February 27, 2024 | Rome, Italy

25. Father Knows Best: Home and General

By |2023-12-13T01:13:48+01:00December 2nd, 2023|Boyhood Empire|
American poet Randall Jarrell.

hough my mother was gone and my switchboard heartbreak was still raw, home remained a sweet place, mostly because its nooks, crannies, and trees had become a cellular part of my daily motion (turning “familiarity breeds contempt” on end).

The porch walls against which I had thrown countless tennis balls and baseballs in my Walter Mitty role were scuffed with dents from my throws.

Whereas before my mother had objected to all this male noisemaking, she was now, in 1965, a someone who had belonged to a before.

In that before, the house at 3434 34th Street had included mother, father, and mischief-maker, that merchant-in-chief, me. Now all was calmer. Spain seemed like an era ago. Every morning I’d wake to find at least two newspapers on the dining room table, the Washington Post and the New York Times, the latter fetched by my father from the local drugstore when it opened not much past dawn.

By the time I rose at eight, he’d read all the papers and circled in red marker the articles he thought I should read to prepare myself for his version of my day, which included chats about world events when we’d go out for dinner later at the local cafeteria some five blocks away. We’d walk there, as always, since neither of my parents had ever owned or driven a car. Though the world was in most respects just as spacious then as it is now, the notion of walking someplace, and talking along the way, seemed somehow more normal, if not feasible and desirable.

My father busied himself reading the Greeks at my age, twelve, while prowling the streets of New York pretending to be very adult.

The living room was, predictably, lined with bookshelves and made thicker by the month, as my father’s vast collections grew to epic size. I rarely touched his books, preferring my parallel life lived through sports scores. I did open the books occasionally to feel at home with the passage of time, since each one was signed “Percy Winner,” with the date beside it. My favorite was a small blue tome titled “The Discourses of Epictetus,” and my affection for the book had no relationship whatsoever to the writings of that ancient Greek sage. It was the signature I reveled in: “Percival Horace Winner, 1913,” which in essence meant my father busied himself reading the Greeks at my age, twelve, while prowling the streets of New York pretending to be very adult and embroidering his name “Percival Horace” instead of Percy, to earn membership in the “cool” of his streetcar and typhoid time. I loved this book. I loved fondling it. I thought of it with greater affection than Sam’s breasts, and this by itself, this love of words, made me smile. I wished I’d had the book handy when Sam made her speech. It would have impressed her, I think. Or I could have shown it to Marcia, but no doubt her tears would have made the old ink bleed.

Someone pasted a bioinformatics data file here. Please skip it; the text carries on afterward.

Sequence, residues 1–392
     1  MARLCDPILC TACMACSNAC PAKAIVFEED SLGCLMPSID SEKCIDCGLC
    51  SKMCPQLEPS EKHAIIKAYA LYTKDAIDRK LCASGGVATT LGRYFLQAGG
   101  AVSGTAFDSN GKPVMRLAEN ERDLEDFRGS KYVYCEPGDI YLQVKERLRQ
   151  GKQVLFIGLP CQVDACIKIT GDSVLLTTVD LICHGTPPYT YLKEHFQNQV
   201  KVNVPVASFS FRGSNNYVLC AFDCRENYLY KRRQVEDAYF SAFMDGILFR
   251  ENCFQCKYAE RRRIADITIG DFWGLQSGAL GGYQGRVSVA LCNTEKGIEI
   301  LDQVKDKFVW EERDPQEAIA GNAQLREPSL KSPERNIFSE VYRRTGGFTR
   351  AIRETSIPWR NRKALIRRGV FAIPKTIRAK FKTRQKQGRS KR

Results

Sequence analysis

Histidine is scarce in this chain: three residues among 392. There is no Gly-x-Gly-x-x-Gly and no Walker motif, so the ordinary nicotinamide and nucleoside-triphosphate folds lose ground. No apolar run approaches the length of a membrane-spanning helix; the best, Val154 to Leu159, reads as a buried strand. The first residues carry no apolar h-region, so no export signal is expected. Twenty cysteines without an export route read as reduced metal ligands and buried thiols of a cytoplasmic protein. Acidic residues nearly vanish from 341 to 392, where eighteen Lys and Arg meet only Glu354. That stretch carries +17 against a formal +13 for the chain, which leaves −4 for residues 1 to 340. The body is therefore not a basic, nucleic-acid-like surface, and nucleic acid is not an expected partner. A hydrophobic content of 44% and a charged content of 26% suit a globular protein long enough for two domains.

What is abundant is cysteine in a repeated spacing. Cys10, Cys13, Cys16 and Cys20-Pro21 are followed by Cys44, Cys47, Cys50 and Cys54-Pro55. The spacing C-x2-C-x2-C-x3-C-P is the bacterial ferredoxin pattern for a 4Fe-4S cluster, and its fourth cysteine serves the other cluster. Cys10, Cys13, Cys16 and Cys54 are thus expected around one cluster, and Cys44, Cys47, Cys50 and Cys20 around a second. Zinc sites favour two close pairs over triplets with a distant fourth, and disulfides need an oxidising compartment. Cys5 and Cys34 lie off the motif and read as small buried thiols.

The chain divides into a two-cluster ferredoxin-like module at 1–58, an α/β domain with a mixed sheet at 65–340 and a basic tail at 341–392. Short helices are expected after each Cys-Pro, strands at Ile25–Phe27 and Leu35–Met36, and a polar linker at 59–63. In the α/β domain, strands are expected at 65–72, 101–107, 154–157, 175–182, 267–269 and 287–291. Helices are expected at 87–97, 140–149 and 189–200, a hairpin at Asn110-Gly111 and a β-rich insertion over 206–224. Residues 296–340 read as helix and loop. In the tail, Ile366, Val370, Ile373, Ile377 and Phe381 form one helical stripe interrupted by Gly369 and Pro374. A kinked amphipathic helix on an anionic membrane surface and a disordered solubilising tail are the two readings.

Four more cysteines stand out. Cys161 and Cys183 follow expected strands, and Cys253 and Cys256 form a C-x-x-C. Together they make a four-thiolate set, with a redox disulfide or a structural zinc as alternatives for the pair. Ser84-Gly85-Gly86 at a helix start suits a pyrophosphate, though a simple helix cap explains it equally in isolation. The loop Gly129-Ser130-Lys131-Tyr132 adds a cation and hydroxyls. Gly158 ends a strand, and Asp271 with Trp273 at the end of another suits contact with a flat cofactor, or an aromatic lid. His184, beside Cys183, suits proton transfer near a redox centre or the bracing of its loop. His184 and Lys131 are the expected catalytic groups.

We, the father and son of 3434, made do largely without a TV. There was the old Motorola from 1958 my father tuned into only to watch the nightly news. He preferred Huntley and Brinkley to Walter Cronkite, disdaining the latter’s avuncular style. I, of course, also disdained the avuncular since I tended to disdain all words I didn’t understand until they made an effort to understand me, or my father explained them. He did explain why he liked Huntley and Brinkley, and that was because one tended to lean to the right, the other to the left. I examined both these men carefully and to me they simply sat upright and spoke to the camera. No doubt my eyes, more attentive to box scores and not steeled by the wisdom of the ancient Greeks, was unable to discern the slight right and left leaning. Perhaps it was all in the shoulders.